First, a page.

Master and Commander: The Far Side of the World
Pirate movies haven't been kind to Hollywood in recent years. Many came and
went with most people not noticing; Renny Harlins Cutthroat Island was
considered one of the biggest flops in Hollywood history.
Then came 2004, when Pirates of the Caribbean
surpassed everyones expectations and grossed over $300 million at the
domestic box office alone. Later that year, we were treated to Master and Commander:
The Far Side of the World, which toned down the audience-friendliness of Pirates,
but upped the authenticity.
Master and Commander follows the adventures of Captain Jack Aubrey (Russell
Crowe) and his crew, sailing the HMS Surprise through two oceans in pursuit
of the French ship which attacked and crippled them. Aubrey is the best of the
best, and uses his brains to track the ship on the vast ocean, and his vast
battle experience to tackle a ship with a larger crew, and more firepower.
But there was a lot of travel time in those days, so a good portion of the
movie is dedicated to the trials and tribulations of the crew of the Surprise
in ordinary everyday sailing life. We watch as Dr. Stephen Maturin (Paul Bettany)
cares for the wounded, including amputating the broken arm of a young boy, who
quickly bounces back and has a large role to play later on.
The authenticity of Master and Commander is jaw-dropping. The team actually
purchased an old sailing ship and transformed it into an exact replica of the
HMS Surprise, and the same giant tank that was used for Titanic was also used
in this film. The costume design, production design, cinematography, and pretty
much everything else are in top form. Most notable is the performance by Paul
Bettany, who definitely deserved an Oscar nomination at the very least.
The only problem is that the movie can tend to be v-e-r-y slow at times. For
most of the movie, its a whole bunch of talking and not a lot else. Youre
still awed by the authenticity of it all, but its hard to give it your
full attention. Those not the least bit interested in the subject matter will
probably have an even harder time.
Master and Commander: The Far Side of the World is a great-looking film that
used every bit of its $135 million well (even if its hard to understand
what could possibly cost that much money). If your hearts not in it, itll
probably be stormy seas, but if youre up for it, its a pretty good
While it didnt garner the box office success expected, it still managed
to rake in some decent coin. And now its available on DVD in separate
2.40:1 anamorphic widescreen and full screen versions, and also a widescreen
only collectors edition which features a whole second disc of goodies.
The picture quality is pretty good for the most part, with excellent detail
and color (when there is some), but during some scenes it almost looks like
they forgot to master them altogether. Theyre grainy, bland, and look
as though they were shot sometime in the 1960s.
Audio, available in both Dolby Digital 5.1 and dts 5.1, is much, much better.
Its reference quality, but other than the scenes in which theres
actually something going on, it doesnt really have much to do. During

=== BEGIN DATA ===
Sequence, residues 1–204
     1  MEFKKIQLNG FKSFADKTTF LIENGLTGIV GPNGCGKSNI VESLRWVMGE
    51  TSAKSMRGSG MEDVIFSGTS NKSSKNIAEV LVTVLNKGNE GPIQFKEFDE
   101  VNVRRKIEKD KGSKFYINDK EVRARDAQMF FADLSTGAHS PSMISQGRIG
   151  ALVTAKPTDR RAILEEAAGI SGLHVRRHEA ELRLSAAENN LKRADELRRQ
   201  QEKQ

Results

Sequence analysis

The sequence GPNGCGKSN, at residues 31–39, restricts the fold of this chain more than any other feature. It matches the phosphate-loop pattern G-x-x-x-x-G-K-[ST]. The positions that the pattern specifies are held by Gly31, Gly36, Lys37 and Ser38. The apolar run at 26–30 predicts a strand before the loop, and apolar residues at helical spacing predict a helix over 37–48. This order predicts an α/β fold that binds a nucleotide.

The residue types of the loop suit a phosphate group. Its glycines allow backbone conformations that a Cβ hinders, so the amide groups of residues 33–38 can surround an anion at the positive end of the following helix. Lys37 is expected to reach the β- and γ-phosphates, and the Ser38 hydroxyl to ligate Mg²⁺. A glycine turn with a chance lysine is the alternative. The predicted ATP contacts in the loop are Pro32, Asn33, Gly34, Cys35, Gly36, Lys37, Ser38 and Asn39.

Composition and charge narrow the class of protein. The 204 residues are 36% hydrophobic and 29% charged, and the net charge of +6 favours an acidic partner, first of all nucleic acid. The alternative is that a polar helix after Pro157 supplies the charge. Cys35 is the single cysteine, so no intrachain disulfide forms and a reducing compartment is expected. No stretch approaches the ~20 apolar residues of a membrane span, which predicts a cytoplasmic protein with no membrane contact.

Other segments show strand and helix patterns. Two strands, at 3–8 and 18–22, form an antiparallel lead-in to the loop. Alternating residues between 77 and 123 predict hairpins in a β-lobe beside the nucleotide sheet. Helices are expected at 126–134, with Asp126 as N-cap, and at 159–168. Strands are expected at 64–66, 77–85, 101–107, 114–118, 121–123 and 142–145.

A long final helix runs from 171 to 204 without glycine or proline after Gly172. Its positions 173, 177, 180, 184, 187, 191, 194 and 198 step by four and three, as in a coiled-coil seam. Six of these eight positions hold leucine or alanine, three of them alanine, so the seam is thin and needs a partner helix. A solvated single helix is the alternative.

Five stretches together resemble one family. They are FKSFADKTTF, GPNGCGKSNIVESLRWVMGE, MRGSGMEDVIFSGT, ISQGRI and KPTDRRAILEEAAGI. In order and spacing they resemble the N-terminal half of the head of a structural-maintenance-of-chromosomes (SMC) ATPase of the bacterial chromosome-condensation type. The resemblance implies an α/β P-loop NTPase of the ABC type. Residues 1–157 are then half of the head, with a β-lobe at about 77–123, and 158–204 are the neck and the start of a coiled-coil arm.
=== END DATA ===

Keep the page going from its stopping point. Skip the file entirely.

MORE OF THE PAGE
the action sequences, all five speakers are rumbling with sound effects, while
the subwoofer shakes the room. Cannons firing and exploding, people shouting,
water splashing; it all makes you feel like youre part of the action.
The single disc versions of the film feature no extras, but the special edition
makes up for it. Pop in disc two and you get a very nicely done 70-minute documentary
entitled In the Hundred Days. Through the course of the doc, director
Peter Weir takes us through the production, starting with the day he was approached
with the project. Its split into nine sections, each covering a different
aspect of production, including casting, makeup, shooting at sea and the music.
Its a very generous and well-produced documentary, and would probably
be enough in itself.
But we also get a series of featurettes: In the Wake of OBrian
has Weir discussing the process of bringing a series of novels to the big screen.
Cinematic Phasmids covers the special effects, Sound Design
covers the sound design (really??), Interactive Cannon Demonstration
lets the viewer select different speakers or combinations of speakers to experience
different ranges and positions, and the HBO First Look does what the HBO First
Also on disc two is a series of deleted scenes, some of which are actually
pretty good. Considering the already long movie, however, its easy to
understand why they were cut (and there are probably others that could have
been cut, as well). Finally, there are some multi-angle featurettes, a still
gallery, and trailers.
The set also includes a map and timeline, and a collectible booklet with more
The transfer is the same on all the discs, so if extras are not a concern,
you could probably do well enough with the single disc version.
Master and Commander: The Far Side of the World, from 20th Century Fox Home
138 minutes, anamorphic widescreen (2.40:1) 16x9 enhanced, Dolby Digital 5.1
Starring Russell Crowe, Paul Bettany
Produced by Samuel Goldwyn Jr., Peter Weir, Duncan Henderson
Screenplay by Peter Weir & John Collee, Directed by Peter Weir
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